Text by Bruce Berman
When Russell Lee and the other FSA photographers set off into America in the 1930s their social concern wasn’t hidden and, in fact, Roy Stryker, the Director and Editor of the of the Resettlement Administration’s (RA) Historical branch, encouraged his shooters to find various minority groups and show their life style and their condition in our society. He wanted “full disclosure,” for the good and the bad but he he wanted these groups to be shown as part of the “American family.” Although the FSA’s mission was to show rural conditions in the environmentally and economically challenged Depression era, he was aware of what the impact of these photos would be. In effect, the FSA was part of the ongoing and increasing movement for justice and Civil Rights. How these groups were visually described and labeled, in an era before the confusion of politicaly correct labeling had become an issue, might not have been how these groups labeled themselves.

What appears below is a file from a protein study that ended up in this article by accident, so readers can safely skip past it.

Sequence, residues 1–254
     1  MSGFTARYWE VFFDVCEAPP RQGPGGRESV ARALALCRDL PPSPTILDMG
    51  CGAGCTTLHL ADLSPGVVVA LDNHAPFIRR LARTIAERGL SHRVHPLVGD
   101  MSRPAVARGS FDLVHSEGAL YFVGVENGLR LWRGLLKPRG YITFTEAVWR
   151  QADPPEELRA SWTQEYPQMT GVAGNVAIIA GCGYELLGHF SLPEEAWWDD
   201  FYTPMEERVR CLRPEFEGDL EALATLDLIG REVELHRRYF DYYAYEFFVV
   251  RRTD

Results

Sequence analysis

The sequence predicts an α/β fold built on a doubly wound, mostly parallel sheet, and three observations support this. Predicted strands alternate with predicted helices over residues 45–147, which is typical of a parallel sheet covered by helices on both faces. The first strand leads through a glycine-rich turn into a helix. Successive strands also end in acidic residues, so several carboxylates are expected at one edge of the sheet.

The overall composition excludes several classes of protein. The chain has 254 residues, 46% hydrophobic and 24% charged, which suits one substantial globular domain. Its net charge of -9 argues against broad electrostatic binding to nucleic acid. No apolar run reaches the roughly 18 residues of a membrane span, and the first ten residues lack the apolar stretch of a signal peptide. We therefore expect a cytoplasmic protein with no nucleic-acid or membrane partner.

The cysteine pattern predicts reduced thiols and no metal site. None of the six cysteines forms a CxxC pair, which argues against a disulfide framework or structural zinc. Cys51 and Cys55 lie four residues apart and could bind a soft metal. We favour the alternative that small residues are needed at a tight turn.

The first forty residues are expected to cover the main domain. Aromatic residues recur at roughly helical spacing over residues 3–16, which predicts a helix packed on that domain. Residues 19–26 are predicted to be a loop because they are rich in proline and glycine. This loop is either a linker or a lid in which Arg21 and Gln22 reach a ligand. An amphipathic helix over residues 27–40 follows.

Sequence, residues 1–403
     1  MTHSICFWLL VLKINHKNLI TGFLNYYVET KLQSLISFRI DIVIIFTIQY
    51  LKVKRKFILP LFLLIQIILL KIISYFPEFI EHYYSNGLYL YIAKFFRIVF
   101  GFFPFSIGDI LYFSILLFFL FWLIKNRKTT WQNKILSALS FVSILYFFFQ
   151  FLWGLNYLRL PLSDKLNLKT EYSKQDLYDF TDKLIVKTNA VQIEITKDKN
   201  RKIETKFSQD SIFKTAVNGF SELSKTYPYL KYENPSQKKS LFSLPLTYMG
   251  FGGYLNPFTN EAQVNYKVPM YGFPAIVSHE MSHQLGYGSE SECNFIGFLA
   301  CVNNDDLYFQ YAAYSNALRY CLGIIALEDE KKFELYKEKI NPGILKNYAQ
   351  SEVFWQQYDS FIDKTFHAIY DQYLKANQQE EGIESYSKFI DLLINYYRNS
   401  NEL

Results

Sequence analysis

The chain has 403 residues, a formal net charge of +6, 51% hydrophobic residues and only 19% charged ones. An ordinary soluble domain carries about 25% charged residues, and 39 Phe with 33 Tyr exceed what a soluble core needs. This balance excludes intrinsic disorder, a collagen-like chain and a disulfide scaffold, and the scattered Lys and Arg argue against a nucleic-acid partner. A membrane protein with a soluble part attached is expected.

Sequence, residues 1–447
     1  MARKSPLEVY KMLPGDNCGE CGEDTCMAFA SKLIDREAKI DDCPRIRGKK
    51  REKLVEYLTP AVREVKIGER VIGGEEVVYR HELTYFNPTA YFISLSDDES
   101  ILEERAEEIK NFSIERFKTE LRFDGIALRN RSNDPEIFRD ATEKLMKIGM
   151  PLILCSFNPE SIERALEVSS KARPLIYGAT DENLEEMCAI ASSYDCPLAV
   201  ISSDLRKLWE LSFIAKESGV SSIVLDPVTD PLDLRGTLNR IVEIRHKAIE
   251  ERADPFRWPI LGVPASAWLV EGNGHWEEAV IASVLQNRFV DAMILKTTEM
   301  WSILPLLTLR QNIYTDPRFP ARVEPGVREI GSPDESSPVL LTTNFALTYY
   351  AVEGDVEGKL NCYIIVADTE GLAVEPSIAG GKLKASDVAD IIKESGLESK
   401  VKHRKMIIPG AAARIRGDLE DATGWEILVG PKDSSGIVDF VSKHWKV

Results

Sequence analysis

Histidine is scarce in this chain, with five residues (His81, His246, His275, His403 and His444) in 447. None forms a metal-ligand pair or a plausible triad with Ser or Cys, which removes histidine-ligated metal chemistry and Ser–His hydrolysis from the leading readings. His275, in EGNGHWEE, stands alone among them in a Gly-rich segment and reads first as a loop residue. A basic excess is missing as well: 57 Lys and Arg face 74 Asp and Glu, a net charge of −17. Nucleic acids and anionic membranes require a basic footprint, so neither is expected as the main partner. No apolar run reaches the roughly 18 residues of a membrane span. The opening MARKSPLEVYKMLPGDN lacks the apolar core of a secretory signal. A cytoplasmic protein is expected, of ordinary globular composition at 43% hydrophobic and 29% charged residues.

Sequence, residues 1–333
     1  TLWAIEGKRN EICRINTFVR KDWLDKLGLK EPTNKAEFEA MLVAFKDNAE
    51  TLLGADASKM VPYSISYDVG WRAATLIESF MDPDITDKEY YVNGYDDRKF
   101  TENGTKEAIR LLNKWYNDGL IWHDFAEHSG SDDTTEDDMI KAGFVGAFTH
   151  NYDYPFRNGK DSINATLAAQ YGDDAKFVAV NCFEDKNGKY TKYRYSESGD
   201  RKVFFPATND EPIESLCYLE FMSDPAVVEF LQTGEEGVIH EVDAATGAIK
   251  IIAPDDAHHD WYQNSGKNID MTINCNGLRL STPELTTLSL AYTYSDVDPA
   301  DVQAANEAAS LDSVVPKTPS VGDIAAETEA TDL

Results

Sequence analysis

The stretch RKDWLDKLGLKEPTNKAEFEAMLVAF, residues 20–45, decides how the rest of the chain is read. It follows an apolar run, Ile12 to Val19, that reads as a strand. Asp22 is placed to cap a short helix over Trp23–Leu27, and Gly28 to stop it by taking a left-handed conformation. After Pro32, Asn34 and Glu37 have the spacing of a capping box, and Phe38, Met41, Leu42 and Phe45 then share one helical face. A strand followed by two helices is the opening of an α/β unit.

However, Stryker’s -and the New Deal’s- point was being made. In this 1939 photo by Lee, there is special emphasis on the “Sunday best” clothes and the dignity of the people portrayed. Notice the Coke dispensers in the background. It seems plausible that Lee intentionally included them in his photograph, not looking for another angle which would be less “cluttered.” Coke was for everyone. Lee was, it appears, to be showing a typical church-going family, waiting for a bus on a Sunday morning, with all the symbols of America (Coke) acting as an explanation point for his work. Although clearly an outsider, Lee -and his wife Jean, a journalist, who often accompanied him and took textual notes, prided himself on his work with minorities and he went out of his way to show them as Americans first, and as a minority second.
“PC” aside, Lee’s main concern was, that the groups be shown and that they be given, at least in FSA photography, their rightful place in society. Russell Lee, in particular, took interest in the Latino and Black communities, from the rural Southwest backlands to the increasingly crowded industrialized and urban North.